"Enchanted Objects: Design, Human Desire, and the Internet of Things"

Sep 29, 2014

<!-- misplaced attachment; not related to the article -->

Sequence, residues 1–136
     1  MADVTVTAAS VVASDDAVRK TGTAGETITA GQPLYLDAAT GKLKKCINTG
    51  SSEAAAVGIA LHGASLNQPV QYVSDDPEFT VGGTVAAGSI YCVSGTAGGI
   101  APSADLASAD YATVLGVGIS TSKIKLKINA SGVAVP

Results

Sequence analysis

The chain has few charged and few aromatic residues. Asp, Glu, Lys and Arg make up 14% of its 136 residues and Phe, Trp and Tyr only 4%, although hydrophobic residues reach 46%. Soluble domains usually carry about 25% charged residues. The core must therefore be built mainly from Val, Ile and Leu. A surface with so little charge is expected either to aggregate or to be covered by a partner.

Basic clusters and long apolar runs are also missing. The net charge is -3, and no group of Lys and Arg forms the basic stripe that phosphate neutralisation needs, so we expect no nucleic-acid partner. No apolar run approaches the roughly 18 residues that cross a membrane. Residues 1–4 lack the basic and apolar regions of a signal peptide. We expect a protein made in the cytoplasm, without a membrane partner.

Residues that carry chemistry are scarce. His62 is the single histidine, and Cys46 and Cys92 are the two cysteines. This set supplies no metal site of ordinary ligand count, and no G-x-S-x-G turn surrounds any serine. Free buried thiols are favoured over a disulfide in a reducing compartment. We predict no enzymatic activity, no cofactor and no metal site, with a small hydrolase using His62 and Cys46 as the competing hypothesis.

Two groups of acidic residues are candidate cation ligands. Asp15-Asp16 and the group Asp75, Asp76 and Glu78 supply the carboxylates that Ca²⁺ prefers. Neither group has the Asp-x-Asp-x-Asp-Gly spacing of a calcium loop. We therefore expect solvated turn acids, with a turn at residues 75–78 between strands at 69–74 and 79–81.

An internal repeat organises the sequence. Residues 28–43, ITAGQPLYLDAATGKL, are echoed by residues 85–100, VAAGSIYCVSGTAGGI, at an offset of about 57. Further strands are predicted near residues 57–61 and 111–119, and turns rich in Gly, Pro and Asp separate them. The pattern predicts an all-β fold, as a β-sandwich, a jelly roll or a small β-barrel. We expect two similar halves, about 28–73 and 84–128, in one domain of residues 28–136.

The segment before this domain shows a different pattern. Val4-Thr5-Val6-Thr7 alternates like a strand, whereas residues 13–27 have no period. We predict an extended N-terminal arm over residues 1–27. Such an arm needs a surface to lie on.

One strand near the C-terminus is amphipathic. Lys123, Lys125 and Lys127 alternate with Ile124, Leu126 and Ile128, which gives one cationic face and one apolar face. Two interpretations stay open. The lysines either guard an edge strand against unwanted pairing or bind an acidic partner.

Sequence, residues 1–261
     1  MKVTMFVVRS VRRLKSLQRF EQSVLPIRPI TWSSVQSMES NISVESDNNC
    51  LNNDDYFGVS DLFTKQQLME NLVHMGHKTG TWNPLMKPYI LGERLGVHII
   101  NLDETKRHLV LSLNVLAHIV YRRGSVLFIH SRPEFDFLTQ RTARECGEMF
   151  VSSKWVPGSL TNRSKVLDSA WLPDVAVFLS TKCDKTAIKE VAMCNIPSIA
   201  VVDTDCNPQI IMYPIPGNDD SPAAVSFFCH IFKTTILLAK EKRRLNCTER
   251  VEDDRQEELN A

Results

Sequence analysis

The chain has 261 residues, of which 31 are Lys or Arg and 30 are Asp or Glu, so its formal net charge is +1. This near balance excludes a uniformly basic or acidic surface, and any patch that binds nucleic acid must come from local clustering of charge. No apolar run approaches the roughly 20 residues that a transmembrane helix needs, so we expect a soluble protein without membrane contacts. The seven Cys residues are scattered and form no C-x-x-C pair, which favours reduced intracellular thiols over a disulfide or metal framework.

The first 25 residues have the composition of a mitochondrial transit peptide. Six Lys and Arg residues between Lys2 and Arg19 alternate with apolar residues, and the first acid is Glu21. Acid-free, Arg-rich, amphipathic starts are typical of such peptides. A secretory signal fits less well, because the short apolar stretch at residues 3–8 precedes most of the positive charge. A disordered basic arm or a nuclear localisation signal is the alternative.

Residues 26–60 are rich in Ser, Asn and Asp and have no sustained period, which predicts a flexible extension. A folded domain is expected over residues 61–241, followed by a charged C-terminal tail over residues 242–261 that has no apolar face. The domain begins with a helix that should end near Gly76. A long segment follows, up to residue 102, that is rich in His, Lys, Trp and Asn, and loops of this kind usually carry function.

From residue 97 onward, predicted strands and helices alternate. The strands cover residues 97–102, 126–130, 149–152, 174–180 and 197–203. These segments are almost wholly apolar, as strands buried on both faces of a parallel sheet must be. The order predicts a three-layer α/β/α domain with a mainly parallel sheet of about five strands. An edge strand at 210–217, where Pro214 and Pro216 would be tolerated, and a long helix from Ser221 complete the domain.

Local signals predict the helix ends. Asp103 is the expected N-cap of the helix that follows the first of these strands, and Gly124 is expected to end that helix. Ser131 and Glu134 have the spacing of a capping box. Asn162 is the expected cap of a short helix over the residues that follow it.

On this edition of ST, an in-depth discussion with David Rose, an award-winning entrepreneur and instructor at the MIT Media Lab who specializes in how digital information interfaces with the physical environment. Rose also founded Ambient Devices, which pioneered the technology used to embed Internet information in everyday objects like lamps, mirrors, and umbrellas. Currently, Rose is the CEO of Ditto Labs, and he's the author of a fascinating new book: "Enchanted Objects: Design, Human Desire, and the Internet of Things." As one critic, writing for The New York Times, noted of this work: "Delightful.... In the scrum of talking heads wrestling to gain control of the narrative behind the Internet of Things, Mr. Rose is an engaging, plain-spoken guide." And as Rose himself writes, in the interesting and at times rather unsettling Prologue to his book: "I have a recurring nightmare. It is years into the future. All the wonderful everyday objects we once treasured have disappeared, gobbled up by an unstoppable interface: a slim slab of black glass. Books, calculators, clocks, compasses, maps, musical instruments, pencils, and paintbrushes, all are gone. The artifacts, tools, toys, and appliances we love and rely on today have converged into this slice of shiny glass, its face filled with tiny, inscrutable icons that now define and control our lives. In my nightmare the landscape beyond the slab is barren. Desks are decluttered and paperless. Pens are nowhere to be found. We no longer carry wallets or keys or wear watches. Heirloom objects have been digitized and then atomized. Framed photos, sports trophies, lovely cameras with leather straps, creased maps, spinning globes and compasses, even binoculars and books -- the signifiers of our past and triggers of our memory -- have been consumed by the cold glass interface and blinking search field. Future life looks like a Dwell magazine photo shoot. Rectilinear spaces, devoid of people. No furniture. No objects. Just hard, intersecting planes.... The lack of objects has had an icy effect on us. Human relationships, too, have become more transactional, sharply punctuated, thin and curt. Less nostalgic. Fewer objects exist to trigger storytelling...."